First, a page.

Information about the tumour location relative to the pyramidal tract and precentral gyrus and the preoperative motor deficits are summarized in Table 1.


Magnetic resonance examinations were perform­ed on a 3T scanner (Achieva, Philips) with a standard head coil.

Conventional MR imaging consisted of T1-SE (TR/TE 450/13 ms, Thk/gap 5.0/1.0 mm, FOV 230 × 230 mm, matrix 256/512), T1-3D TFE with CE (TR/ TE 6.4/2.3 ms, Thk/gap 1.0/0.0 mm, FOV 256 × 256 mm, matrix 256/256), T2-TSE (TR/TE 3000/ 80 ms, Thk/gap 5.0/1.0 mm, FOV 230 × 184 mm, matrix 306/512), T2 FLAIR (TI = 2500 ms, TR/TE 9000/125 ms, Thk/gap 5.0/1.0 mm, FOV 230 × 182 mm, matrix 217/512).

Diffusion tensor imaging was acquired with a single-shot, spin-echo diffusion weighted echo planar imaging (EPI) TR/TE 6911/60 ms, Thk/gap 1.9/0.0 mm, FOV 224 × 224 mm, matrix 128 × 128, voxel size 2 × 2 × 2 mm. A diffusion gradient was applied along 32 directions with β = 750 s/mm2 and additional measurements without a diffusion gradient (b = 0 s/mm2) were performed. FA maps and directional DTI colour maps of the brain were generated and colour-coded as to the direction of greatest diffusivity. By convention, red codes were used for right to left direction; green codes were used for anterior to posterior direction, blue codes were used for superior to inferior direction. White matter tracts were identified on directional DTI colour maps with correlation of a neuro­anatomical atlas.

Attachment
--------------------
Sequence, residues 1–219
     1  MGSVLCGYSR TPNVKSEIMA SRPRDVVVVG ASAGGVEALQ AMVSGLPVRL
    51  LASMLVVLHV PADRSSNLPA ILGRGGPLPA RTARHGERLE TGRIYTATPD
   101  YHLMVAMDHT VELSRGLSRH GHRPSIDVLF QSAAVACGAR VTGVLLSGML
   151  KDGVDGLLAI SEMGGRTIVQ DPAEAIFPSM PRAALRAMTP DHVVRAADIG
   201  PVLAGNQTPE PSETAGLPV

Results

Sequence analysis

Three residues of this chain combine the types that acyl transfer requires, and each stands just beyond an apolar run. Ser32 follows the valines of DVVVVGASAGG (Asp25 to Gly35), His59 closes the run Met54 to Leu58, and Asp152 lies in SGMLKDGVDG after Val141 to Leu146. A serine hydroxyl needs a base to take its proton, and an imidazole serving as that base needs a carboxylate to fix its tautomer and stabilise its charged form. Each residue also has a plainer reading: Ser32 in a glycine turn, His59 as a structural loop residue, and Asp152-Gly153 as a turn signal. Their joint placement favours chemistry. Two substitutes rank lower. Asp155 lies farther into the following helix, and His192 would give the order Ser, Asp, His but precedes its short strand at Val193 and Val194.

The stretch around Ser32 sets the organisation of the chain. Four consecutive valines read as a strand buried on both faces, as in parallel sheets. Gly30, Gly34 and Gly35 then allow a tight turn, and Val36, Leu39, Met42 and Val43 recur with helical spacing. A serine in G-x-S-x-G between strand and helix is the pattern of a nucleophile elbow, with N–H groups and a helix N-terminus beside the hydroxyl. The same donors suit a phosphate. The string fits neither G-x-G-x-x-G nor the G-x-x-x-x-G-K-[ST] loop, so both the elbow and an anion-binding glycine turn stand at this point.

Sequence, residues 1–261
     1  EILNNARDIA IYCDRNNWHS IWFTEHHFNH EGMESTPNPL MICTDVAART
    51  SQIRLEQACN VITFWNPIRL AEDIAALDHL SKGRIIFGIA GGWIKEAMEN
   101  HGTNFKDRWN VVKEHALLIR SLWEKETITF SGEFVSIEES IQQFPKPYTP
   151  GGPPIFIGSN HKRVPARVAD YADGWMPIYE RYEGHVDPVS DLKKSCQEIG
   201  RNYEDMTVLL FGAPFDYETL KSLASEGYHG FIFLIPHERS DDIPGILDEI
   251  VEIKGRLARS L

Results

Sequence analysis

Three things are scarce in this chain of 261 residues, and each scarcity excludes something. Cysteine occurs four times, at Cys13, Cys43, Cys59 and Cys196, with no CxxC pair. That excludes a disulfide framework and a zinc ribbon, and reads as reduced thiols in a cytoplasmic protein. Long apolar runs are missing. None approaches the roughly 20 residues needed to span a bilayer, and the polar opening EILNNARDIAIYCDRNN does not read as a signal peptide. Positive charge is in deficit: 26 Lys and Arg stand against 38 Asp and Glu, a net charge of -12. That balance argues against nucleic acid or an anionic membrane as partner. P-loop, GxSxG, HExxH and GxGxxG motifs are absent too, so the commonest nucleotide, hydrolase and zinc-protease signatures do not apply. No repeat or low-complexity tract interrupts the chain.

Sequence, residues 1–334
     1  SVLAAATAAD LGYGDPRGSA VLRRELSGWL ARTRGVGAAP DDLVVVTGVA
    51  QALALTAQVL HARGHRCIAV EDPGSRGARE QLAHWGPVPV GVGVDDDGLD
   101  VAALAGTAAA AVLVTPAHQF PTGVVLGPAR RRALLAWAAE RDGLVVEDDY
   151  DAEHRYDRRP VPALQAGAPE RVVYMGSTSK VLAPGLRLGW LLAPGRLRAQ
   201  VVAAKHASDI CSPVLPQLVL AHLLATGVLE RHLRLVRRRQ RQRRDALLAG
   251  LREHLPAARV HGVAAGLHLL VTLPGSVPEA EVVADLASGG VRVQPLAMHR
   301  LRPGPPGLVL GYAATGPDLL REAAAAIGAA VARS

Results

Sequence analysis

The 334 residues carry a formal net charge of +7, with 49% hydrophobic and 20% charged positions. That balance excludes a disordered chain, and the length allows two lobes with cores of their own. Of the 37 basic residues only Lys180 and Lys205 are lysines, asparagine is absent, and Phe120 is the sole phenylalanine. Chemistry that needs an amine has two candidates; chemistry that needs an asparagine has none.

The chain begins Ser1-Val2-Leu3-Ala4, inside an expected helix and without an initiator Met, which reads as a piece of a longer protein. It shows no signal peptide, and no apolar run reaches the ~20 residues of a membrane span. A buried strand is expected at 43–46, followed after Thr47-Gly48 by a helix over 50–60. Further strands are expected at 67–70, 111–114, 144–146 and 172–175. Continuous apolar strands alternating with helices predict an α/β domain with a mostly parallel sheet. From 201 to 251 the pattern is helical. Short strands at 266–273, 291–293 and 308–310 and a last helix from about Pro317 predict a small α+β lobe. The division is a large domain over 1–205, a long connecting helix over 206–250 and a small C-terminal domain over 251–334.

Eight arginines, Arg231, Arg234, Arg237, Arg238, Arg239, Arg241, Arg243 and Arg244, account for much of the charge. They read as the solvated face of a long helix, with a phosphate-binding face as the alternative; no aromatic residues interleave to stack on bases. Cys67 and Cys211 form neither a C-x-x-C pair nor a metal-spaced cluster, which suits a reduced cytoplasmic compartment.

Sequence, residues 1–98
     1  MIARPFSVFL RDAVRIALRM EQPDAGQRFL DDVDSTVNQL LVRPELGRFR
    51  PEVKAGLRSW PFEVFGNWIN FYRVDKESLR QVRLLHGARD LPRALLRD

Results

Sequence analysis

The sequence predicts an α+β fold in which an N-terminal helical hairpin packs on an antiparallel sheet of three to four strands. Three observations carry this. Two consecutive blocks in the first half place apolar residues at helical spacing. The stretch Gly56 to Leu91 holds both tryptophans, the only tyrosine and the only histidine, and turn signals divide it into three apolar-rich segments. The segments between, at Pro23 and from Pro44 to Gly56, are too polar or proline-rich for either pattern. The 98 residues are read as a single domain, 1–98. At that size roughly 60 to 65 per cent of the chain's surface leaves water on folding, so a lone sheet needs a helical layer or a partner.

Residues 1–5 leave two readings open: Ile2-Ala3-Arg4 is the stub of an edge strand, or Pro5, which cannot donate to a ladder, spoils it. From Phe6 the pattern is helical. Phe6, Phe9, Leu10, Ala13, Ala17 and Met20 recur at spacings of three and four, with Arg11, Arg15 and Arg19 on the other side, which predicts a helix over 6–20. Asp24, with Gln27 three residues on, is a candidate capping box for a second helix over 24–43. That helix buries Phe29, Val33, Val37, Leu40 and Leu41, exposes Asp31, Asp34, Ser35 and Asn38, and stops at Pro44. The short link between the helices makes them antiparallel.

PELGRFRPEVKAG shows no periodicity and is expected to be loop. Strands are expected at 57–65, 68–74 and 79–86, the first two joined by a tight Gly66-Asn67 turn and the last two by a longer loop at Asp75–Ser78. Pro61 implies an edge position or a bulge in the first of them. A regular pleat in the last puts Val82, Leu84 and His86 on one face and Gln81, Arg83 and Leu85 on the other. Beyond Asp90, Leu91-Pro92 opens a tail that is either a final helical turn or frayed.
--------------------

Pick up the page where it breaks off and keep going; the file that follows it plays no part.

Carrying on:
Fibre tracking was performed by placing two ROIs (region of interest) on fractional anisotropy colour coded maps: the first within the posterior limb of the internal capsule (ROIPLIC) and the second encapsulating the precentral gyrus ROIPCG (Figs. 1A-C). Software delivered by the producer of the MR scanner was used to compute DTI parameters (FA, ADC) and to reconstruct pyramidal tracts (PT) between ROIPLIC and ROIPCG. Threshold values for fibre elongation were as follows: anisotropy level within voxel lower than 0.2 and deflection between the largest eigenvectors within neighbouring voxels greater than 27 degree. FA and ADC values were calculated for both hemispheres, ipsi- and contralateral side to the tumour in the precentral gyrus (PCG), the posterior limb of the internal capsule (PLIC) and a reconstructed pyramidal tract (PT): FA_PCGipsi, FA_PCGcont, FA_PLICipsi, FA_PLICcont, ADC_PCGipsi, ADC_PCG­cont, ADC_PLICipsi, ADC_PLICcont). FA and ADC values for PT were mean values from reconstruction (FA_PTipsi, FA_PTcont, ADC_PTipsi, ADC_PTcont). Mean FA and ADC values were tested between patients with and without preoperative neurological deficits, with low and high grade gliomas.

Statistical analysis

Continuous parameters with normal distribution were presented as mean ± standard deviation (SD). The normal distribution of parameters was tested with the Shapiro-Wilk test. Mean differences were tested between patients with and without neurolo­gical deficits, with low and high grade gliomas. The significance of mean differences was tested with Student’s t-test. Statistically significant p-levels were assumed as < 0.05 (two-sided). Statistical calculations and analyses were performed with Statistica PL software version 6.1 by StatSoft.